Controlling costs is a challenge for all contract programs. The more costs can be controlled, the stronger the bottomline will be. The following are five techniques for controlling costs.
- Work hard on negotiating for reduced production costs. You are looking to not have your production costs exceed 40-45% of your income. To do this, you must work hard to get the lowest costs you can from instructors and from those from whom you buy materials. If you need to rent space, then that, too, is a concern. When you price, make sure you know what your production costs are. This will be explained in more detail in the pricing section.
- Keep administrative costs in line. Your administrative costs should not exceed 35% of your income. To do this, you must make sure you are not overpaying for staff as a percentage of income. In the team selling section, the amount you should spend will be explained.
- Do not do wasted promotions. Contract training is primarily one-on-one selling. Spending a great deal of money on producing and mailing promotions may not be as beneficial as making sure your staff is following up on calls and working on developing new clients. Do not let b your total promotion (REMEMBER, promotion does not include salespeople!) expenses exceed 5% of your income.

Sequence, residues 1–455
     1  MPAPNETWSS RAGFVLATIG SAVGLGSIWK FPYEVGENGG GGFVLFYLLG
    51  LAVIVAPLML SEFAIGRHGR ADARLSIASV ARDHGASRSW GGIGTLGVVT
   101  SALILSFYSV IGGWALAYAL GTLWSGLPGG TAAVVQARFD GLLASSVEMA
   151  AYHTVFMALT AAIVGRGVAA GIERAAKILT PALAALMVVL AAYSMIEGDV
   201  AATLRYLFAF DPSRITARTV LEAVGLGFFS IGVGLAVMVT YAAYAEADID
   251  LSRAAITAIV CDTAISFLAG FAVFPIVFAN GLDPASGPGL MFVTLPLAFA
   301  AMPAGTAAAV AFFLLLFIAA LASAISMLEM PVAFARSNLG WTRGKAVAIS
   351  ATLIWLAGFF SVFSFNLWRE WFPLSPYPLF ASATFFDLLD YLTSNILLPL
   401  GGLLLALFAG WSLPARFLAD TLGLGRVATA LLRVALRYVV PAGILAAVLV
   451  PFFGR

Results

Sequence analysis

- Do not incur product development costs for products that do not have a reasonable life span. Three years is a reasonable life span. Review the pricing section to see how much money should be spent on product development.
- Make sure that the director of your program is spending at least 50% of his or her time helping identify new clients and helping identify new markets for your present products. Doing this will increase income and reduce expenses as a percentage.